Bob Hillman: Making Noise With Ghosts

He may be Inside and Terrified, but he remains one of San Francisco’s most prolific songwriters

Bob Hillman 2020 (Art: Ron Hart)

Bob Hillman prides himself on being prolific.

“I know what it takes to write a lot of songs,” he said from his home in San Francisco. “I need a deadline. When I started as a songwriter in New York in the 90s, I latched onto a group of people that met every Monday at Jack Hardy’s Houston Street apartment. (Hardy was a folk artist famous for editing and publishing Fast Folk Musical magazine.) We agreed to write a song a week, and that model still appeals to me. I’ve been involved with a group of songwriters ever since. In San Francisco, I’m in a monthly group. Since Covid, it’s been a weekly group on Zoom, so I’ve been writing a song or two week.” 

The results of Hillman’s efforts can be heard on two new EPs that cover the entire spectrum of acoustic music. Bob Hillman & Spooky Ghost is a “noise folk” collaboration with Gerry Leonard, best known for his work with David Bowie and Suzanne Vega. The second, Inside and Terrified, is a more traditional collection of acoustic songs, composed and recorded during the pandemic lockdown.            

“I call the Spooky Ghost album noise folk, because I’m drawn to the textured sounds that bands like The National make – folk played on acoustic instruments with some commotion in the background. There are some ambient folk albums out there, so we just turned up the volume a bit. I was imagining a juxtaposition of the soft, quiet approach of Bert Jansch and Nick Drake, with loud, electronic soundscapes.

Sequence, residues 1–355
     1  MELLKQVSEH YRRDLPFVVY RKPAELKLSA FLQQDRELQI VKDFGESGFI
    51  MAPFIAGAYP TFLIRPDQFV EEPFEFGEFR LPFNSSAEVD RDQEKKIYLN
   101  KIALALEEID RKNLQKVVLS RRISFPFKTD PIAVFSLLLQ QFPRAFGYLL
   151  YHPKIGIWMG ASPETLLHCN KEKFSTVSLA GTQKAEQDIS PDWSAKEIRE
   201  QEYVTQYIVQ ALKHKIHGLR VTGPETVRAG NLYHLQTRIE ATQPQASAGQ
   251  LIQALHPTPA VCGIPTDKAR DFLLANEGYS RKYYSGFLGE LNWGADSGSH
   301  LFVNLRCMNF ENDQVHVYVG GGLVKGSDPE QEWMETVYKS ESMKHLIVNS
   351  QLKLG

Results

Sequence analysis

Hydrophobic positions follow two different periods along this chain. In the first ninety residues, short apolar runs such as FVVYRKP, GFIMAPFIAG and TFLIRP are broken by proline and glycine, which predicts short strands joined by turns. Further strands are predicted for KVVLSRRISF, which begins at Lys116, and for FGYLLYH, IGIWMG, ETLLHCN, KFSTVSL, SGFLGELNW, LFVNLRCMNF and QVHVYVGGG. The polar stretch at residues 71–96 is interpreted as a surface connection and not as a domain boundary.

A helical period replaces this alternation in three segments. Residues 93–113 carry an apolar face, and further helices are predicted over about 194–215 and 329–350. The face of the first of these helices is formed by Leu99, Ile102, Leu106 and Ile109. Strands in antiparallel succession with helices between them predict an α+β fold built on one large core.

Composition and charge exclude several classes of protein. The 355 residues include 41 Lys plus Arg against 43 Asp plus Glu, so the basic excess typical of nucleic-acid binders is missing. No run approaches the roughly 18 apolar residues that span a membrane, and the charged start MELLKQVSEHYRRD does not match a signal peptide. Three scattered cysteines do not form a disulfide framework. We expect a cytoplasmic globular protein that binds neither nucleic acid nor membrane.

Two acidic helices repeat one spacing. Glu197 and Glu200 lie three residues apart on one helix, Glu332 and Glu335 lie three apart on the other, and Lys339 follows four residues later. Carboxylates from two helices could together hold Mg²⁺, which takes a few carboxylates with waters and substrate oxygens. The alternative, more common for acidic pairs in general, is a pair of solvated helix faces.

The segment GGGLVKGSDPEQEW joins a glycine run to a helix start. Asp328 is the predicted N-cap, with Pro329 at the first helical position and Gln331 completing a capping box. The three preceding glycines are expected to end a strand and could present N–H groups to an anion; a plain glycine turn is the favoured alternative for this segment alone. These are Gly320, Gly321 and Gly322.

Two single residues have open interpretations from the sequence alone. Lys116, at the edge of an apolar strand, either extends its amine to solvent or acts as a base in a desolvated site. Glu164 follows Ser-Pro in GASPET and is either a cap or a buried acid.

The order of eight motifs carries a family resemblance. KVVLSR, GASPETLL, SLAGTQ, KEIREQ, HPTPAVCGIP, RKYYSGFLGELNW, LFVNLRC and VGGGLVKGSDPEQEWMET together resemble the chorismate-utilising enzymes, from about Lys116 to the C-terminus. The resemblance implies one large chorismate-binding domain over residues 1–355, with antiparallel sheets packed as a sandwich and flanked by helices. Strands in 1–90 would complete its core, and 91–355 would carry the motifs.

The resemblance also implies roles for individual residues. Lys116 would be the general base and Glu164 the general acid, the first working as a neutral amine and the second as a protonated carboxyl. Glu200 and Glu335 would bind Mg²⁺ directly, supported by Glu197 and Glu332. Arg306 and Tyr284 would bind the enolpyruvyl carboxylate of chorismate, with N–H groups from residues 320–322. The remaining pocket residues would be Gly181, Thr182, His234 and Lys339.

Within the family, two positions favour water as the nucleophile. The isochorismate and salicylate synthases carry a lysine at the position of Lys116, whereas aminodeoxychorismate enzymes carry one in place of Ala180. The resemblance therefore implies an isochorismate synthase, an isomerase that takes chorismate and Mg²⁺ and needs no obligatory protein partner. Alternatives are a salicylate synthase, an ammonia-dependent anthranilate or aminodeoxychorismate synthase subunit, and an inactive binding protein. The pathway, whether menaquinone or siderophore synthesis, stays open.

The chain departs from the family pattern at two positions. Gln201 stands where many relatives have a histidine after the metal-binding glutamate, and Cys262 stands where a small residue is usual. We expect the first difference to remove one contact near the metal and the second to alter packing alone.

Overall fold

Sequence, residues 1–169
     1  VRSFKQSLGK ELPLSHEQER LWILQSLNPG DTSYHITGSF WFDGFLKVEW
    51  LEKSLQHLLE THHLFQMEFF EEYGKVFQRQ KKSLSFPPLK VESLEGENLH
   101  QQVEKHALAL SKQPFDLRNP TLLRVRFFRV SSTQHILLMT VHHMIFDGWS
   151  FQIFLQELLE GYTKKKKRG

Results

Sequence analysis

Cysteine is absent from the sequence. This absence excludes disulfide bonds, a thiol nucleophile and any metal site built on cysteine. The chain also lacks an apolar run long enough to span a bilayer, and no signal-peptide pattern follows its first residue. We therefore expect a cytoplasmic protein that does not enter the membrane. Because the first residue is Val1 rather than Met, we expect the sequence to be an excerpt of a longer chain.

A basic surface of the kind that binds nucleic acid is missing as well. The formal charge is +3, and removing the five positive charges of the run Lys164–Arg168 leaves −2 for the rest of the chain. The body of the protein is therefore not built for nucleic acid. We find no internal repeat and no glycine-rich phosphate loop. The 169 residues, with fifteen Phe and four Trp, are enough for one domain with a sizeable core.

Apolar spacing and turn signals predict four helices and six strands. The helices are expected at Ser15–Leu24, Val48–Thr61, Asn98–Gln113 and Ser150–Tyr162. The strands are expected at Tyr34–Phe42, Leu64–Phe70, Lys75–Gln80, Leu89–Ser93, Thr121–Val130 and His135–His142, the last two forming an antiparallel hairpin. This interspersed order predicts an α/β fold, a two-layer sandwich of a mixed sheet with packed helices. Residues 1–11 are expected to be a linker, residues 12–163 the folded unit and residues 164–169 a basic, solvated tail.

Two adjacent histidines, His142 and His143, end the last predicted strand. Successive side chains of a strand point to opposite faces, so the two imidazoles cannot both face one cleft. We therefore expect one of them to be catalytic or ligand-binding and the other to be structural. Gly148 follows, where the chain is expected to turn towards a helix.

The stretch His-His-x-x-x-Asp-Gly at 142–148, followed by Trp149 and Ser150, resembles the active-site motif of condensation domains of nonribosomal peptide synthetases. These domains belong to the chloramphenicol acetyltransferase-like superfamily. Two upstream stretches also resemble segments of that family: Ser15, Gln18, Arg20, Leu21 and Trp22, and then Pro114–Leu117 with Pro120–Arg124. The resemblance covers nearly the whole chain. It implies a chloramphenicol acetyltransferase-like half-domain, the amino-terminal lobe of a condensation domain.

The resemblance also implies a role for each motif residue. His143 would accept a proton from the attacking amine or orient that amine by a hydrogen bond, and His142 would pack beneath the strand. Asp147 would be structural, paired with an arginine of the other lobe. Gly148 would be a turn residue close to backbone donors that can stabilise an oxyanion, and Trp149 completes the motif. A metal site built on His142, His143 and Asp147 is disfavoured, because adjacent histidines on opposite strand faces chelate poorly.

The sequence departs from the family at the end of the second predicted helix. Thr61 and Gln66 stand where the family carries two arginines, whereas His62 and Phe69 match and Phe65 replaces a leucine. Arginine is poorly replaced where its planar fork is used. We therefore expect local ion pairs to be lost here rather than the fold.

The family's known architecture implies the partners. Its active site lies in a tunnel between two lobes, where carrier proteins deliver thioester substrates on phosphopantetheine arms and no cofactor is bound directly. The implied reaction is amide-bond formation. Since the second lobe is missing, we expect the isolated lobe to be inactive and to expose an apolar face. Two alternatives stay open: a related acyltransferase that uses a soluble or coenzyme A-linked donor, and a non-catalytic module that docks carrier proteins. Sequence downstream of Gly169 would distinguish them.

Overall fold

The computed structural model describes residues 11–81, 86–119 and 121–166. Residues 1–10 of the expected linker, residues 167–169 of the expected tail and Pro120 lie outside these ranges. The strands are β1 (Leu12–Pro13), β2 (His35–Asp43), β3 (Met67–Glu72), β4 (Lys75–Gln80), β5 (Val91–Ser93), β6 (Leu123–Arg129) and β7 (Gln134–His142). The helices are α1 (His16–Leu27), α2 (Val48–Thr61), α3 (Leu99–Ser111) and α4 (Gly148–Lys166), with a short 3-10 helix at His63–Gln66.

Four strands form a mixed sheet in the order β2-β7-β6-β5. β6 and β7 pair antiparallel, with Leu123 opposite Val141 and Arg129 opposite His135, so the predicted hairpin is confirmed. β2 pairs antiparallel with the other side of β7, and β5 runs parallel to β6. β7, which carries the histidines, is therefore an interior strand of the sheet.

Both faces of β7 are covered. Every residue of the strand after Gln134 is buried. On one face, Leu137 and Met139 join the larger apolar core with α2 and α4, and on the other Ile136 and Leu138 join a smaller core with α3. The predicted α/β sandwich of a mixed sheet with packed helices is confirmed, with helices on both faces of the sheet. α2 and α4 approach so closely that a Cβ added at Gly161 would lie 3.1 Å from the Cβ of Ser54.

VIDEO: Bob Hillman “Somebody’s Watching You”

“I met Gerry (Leonard) about 20 years ago, when he was working with Suzanne Vega. He has a strikingly original approach to the guitar, producing an incredible tone and an unimaginable array of sounds. I discussed the idea of a noise folk project with him but, before we got started, he was hired by Bowie to become his musical director. I dropped out of the music biz for a bit, but a few years ago, we reconnected and we made this five song EP together. I hope I can narrow the timeline a bit going forward.”

The songs on Bob Hillman & Spooky Ghost stretch both the sonic and compositional conventions of pop and folk music. “Somebody’s Watching You” has no chorus and other songs feature surrealistic lyrics and twists and turns that stretch melodies almost to the breaking point. 

“I’ve been at this for more than 30 years, always trying to write more songs and better songs. Part of that is writing different songs. So far, I’ve written 62 songs this year, trying to do different things. I was obsessed with Joni Mitchell’s Hissing of Summer Lawns and Hejira.  She’d write six or seven long verses, where nothing repeats. I never wrote a song without a chorus or tag line, so how do you do that and make it interesting? 

Bob Hillman & Spooky Ghost Bob Hillman & Spooky Ghost, self-released 2020

“I’ve been writing for this project for four years. I sent Gerry a batch of songs, just guitar and vocals to a click track. He chose ‘We May Be Getting Better (When We’re Not Getting Worse)’ and put it together with all the noise and effects he had. He sent me a [sonic] sketch he had, a squiggly sounding loop and said can you write a song to this? It became ‘Somebody’s Watching You.’ It’s spare, but all the sounds were in the tracks he sent me. It forced me to do something I’ve never done before – starting a song from somewhere rather than nowhere.”